2012 Predators of Press Freedom: Egypt - Supreme Council of the Armed Forces
|Publisher||Reporters Without Borders|
|Publication Date||4 May 2012|
|Cite as||Reporters Without Borders, 2012 Predators of Press Freedom: Egypt - Supreme Council of the Armed Forces, 4 May 2012, available at: http://www.refworld.org/docid/4fa77ce328.html [accessed 10 December 2013]|
|Disclaimer||This is not a UNHCR publication. UNHCR is not responsible for, nor does it necessarily endorse, its content. Any views expressed are solely those of the author or publisher and do not necessarily reflect those of UNHCR, the United Nations or its Member States.|
After the fall of President Hosni Mubarak in February 2011, the year was marked by a crackdown by the Supreme Council of the Armed Forces involving human rights violations, in particular of freedom of news and information.
Regarded by Egyptians as sacrosanct, the armed forces nonetheless still use the same old methods of censorship and intimidation. The SCAF takeover after Mubarak's departure served only to further enshrine the position of the military. The Council has not only perpetuated Hosni Mubarak's ways of controlling information, but has strengthened them further.
Numerous journalists and bloggers seeking to expose the abuses committed by certain elements of the Army and the military police during the pro-democratic uprising have been prosecuted before military courts, and some have been jailed for several months. The SCAF has affirmed that it will show "no tolerance for insults [against itself]."
Since the legislative elections last November, Reporters Without Borders has noted no further increase in abuses. However, vigilance is still required since power has not yet been handed over to civilians.
The blogger Maikel Nabil Sanad was the first prisoner of conscience of the post-Mubarak era. He was arrested in March last year and sentenced in April to a three-year prison term for having published a report on his blog questioning the alleged neutrality of the army during the demonstrations in January and February 2011. He was pardoned on 12 January this year, the day before the first anniversary of the revolution.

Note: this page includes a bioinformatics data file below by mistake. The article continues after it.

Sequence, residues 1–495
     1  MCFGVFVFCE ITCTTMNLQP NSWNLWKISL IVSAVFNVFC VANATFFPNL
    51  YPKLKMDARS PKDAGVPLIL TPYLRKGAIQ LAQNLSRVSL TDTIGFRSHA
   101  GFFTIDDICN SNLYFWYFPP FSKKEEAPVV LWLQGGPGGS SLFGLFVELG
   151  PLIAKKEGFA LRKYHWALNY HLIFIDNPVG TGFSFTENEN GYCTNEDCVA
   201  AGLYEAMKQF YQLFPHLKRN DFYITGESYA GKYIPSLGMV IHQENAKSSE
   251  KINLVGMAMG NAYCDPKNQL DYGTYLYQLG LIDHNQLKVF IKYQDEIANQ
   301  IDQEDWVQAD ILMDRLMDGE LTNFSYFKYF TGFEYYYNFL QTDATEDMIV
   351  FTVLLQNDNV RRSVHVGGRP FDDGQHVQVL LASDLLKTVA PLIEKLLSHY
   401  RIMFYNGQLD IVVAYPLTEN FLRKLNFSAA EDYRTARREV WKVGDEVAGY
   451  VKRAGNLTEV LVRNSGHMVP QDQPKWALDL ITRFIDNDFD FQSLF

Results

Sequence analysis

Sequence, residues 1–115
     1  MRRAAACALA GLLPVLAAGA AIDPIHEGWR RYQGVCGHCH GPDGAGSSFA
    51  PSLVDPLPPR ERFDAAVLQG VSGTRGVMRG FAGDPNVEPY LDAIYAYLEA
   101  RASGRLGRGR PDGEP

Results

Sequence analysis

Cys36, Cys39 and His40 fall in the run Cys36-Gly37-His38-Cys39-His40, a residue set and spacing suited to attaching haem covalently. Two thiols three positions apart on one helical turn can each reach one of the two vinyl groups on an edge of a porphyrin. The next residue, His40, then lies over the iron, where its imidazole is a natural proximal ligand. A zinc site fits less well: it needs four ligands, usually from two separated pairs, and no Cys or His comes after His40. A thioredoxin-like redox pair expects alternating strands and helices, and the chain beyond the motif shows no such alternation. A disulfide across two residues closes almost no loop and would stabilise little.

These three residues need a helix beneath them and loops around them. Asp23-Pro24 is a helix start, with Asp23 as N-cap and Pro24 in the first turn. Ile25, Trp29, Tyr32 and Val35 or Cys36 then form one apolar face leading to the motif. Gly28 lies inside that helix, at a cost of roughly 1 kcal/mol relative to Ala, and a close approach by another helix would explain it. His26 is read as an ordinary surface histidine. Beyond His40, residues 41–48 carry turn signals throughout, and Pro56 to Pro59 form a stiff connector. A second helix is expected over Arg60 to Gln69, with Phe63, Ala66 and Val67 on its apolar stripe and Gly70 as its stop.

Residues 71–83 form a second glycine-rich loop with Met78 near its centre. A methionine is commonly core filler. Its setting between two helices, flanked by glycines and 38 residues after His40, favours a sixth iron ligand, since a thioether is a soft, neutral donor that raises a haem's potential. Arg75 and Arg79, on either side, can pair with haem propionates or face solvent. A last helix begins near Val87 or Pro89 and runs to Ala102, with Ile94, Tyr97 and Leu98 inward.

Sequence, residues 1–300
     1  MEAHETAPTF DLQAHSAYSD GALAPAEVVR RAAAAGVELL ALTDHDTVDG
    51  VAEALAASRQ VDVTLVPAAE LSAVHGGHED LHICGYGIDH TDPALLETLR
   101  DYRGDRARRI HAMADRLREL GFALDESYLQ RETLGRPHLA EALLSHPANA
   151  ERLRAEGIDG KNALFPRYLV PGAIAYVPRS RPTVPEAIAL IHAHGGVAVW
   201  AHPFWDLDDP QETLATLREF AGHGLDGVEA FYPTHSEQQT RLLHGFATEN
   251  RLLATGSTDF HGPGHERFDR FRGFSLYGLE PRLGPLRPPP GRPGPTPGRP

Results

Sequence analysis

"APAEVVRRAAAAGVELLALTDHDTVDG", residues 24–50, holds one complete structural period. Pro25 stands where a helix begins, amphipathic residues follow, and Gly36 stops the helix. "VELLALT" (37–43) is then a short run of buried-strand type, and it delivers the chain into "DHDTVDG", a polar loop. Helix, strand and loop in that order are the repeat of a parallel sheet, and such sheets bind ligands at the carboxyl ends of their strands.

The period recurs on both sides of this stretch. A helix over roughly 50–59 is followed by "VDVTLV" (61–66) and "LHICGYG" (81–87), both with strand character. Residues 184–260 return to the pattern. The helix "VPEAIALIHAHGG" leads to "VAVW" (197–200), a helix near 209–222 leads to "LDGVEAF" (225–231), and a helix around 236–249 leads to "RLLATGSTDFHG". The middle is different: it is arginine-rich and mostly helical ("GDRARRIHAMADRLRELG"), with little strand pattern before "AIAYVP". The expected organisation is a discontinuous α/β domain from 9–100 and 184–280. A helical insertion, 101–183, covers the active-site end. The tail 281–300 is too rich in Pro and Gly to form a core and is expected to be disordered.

Another target was the blogger Asmaa Mahfouz, a recipient of the Sakharov Prize who was threatened with trial by military court for insulting the SCAF.
During the riots in Cairo's Maspero district on 9 and 10 October last year, the army stormed the head offices of the television stations Al-Hurra and Channel January 25 located nearby while they were reporting on the disturbances. The troops halted the broadcasts and threatened journalists. It also temporarily cut off the electricity, telephones lines and Internet connection in the offices of the newspaper Al-Shorooq. The blogger and activist Alaa Abdel Fattah was detained for nearly two months for refusing to respond to allegations of incitement to violence, vandalism and theft of a weapon during the Maspero protests.
During the week before the parliamentary election on 28 November last year, demonstrators calling for the resignation of the SCAF clashed with security forces, mainly in the streets around Tahrir Square. Media workers were again attacked between 16 and 18 December.
As a result of more than 700 complaints from a group calling itself "Young Men and Women for an Honourable Egypt" against 12 well-known figures, the public prosecutor decided on 7 March to refer the cases to military courts. Among the 12 were two journalists from the station ON TV, Rim Magued and Yosri Fouda, activists such as the bloggers Nawara Ngem and Wael Ghoneim, as well as the writer Alaa Al-Aswani. They could face charges of attempting to overthrow the state and damaging the reputation of the armed forces.
State media also launched a smear campaign against US-subsidized Egyptian NGOs that criticized the Supreme Council. The campaign poses a threat to many national human rights organizations.